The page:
Russia responded to the 21st century “color revolutions” calling for freedom and democracy in Georgia and Ukraine by invading both Black Sea countries. Those revolutions and invasions have had transformative effects on the social and political fabric of Ukraine and Georgia. Thus, the perspectives of today’s youth on wars and political upheaval will have ample impact on their countries’ future. This panel discussion will bring together two Frontier Europe Initiative 2022 fellows to speak on these topics. Specifically, the fellows will present their research findings pertaining to Ukrainian young people’s perspectives on Russia’s full-scale invasion of their country this year as well as the legacies of the 2003 Rose Revolution on Georgian politics and society. The Frontier Europe Initiative 2022 Research fellowships were granted by the U.S. State Department for the Middle East Institute’s Frontier Europe Initiative program.
Research fellow, Frontier Europe Initiative
Research fellow, Frontier Europe Initiative
Iulia-Sabina Joja, moderator
Director and senior fellow, Middle East Institute
Comparatively to 2014, the U.S. is seeing a higher approval rating from youth in the Black Sea Region regarding their response to Russia’s recent invasion: The majority of Black Sea youth polled by our panelists have cited a greater appreciation for the U.S. and the aid they have provided to Ukraine during these tumultuous times. This is likely due to the U.S.’s more direct approach to combating the Russian antagonists.
Social media has been extremely influential in its ability to provide insights into the Russo-Ukrainian war: Utilizing social media apps, the Ukrainian people and politicians have managed to garner international attention and support.
The legacy left behind by the Rose Revolution has divided the younger and older generations of Georgia: Younger generations of Georgians feel that more change within their political sector is necessary for the nation’s continued growth and success, while many in the older generations feel that additional change within their political sector would be a hindrance to Georgia’s growth.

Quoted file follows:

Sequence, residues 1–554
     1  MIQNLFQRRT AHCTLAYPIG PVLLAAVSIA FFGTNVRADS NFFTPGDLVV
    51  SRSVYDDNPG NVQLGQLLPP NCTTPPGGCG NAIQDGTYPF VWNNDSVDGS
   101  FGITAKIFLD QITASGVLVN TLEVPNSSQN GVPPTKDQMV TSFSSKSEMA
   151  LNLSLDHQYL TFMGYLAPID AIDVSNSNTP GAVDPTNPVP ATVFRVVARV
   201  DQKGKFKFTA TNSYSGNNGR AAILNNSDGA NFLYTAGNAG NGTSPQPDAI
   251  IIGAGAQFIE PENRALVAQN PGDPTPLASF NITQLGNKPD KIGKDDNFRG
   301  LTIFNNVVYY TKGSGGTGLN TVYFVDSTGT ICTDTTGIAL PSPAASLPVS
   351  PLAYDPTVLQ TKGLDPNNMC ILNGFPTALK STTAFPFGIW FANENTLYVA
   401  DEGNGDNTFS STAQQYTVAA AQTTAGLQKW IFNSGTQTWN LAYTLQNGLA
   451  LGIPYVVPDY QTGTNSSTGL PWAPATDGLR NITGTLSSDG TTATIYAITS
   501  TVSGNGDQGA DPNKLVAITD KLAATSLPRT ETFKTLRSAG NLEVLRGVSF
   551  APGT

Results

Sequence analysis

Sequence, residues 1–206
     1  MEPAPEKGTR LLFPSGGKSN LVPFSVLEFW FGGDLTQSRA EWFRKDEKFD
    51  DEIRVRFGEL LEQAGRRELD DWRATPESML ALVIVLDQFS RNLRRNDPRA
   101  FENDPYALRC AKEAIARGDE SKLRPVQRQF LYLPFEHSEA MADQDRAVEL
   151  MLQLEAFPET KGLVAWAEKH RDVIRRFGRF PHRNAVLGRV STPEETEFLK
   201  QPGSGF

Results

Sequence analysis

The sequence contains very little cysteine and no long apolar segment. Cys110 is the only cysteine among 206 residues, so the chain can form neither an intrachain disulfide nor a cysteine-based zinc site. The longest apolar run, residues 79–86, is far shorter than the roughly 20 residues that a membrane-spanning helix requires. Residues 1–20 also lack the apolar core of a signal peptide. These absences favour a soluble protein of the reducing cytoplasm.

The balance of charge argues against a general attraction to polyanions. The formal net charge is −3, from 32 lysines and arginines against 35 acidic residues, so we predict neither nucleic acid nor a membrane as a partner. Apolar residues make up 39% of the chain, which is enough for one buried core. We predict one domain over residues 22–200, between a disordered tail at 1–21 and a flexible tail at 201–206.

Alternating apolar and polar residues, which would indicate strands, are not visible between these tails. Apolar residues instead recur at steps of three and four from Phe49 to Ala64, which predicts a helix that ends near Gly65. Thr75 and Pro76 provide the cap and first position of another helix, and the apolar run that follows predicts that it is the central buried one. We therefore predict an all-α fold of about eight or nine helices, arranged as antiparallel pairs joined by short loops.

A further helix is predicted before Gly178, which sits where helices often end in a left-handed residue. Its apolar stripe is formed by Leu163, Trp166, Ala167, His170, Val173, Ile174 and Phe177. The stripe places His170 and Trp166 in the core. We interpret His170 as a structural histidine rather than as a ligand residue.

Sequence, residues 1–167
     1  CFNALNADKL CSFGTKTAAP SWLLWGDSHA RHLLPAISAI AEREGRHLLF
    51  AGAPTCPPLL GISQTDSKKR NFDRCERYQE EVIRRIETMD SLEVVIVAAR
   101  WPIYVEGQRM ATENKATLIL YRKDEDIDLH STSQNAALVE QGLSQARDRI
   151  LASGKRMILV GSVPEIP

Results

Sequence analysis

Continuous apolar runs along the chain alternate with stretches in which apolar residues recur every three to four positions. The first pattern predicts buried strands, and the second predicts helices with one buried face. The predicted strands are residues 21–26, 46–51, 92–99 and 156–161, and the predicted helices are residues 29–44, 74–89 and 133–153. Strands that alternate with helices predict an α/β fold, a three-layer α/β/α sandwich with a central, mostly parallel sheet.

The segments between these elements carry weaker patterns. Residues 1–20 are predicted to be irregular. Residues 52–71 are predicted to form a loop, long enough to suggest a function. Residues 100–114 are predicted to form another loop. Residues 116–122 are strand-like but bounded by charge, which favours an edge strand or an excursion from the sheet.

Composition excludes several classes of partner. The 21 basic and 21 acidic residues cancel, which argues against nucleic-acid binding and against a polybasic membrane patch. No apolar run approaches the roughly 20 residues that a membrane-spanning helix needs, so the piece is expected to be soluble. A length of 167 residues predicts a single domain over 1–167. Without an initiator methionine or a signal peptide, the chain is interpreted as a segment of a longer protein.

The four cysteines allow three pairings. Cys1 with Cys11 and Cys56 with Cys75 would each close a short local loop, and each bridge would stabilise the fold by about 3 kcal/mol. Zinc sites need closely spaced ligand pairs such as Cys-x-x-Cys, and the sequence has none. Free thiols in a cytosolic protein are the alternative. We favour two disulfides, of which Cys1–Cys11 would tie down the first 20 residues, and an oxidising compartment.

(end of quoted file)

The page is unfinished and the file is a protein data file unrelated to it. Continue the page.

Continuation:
The public perception of Ukrainian youths regarding Russia is extremely negative: According to the fellows research, the majority of Ukrainians seem to hold a deep resentment towards the Russian state, which could have a significant lasting effect on the way the Russian populace is perceived years down the road, long after the war has concluded.
Detailed Speaker Biographies
Allison Hart is currently a graduate student at the American University in Cairo, studying Political Science with a specialization in international relations. She is working as a Title VIII Black Sea Fellow with the Middle East Institute, researching the legacies of the Rose Revolution, its impact on domestic politics in Georgia today, and its implications for the greater region. Allison’s other research interests include identity politics, digital disinformation, and polarization.
Giana Pirolli is a second year MA Security Studies candidate at Georgetown University’s Walsh School of Foreign Service. She is a columnist for the Georgetown Security Studies Review, where she writes on topics related to defense as well as Europe and Central Asia. As a Title VIII Black Sea Research Fellow, Giana focuses on Ukraine. Her research is on the public perception of Ukrainian youth on the United States, NATO, and Russia.
Iulia-Sabina Joja, PhD, is a senior fellow and director of MEI's Black Sea program, the Frontier Europe Initiative and project director of Afghanistan Watch. She teaches European security as an adjunct professor at Georgetown University and The George Washington University. Her research and teachings focus primarily on European and Black Sea security. Prior to this, Iulia Joja served as an advisor to the Romanian president and as a deputy project manager at NATO Allied Command Transformation in Virginia. She has worked with the Romanian delegation to the United Nations, the European Parliament and the Romanian Ministry of Foreign Affairs. She was also a visiting scholar at the Center of Military History and Social Sciences of the German Armed Forces in Potsdam/Berlin and a DAAD postdoctoral fellow at the Foreign Policy Institute of the Johns Hopkins School of Advanced International Studies.
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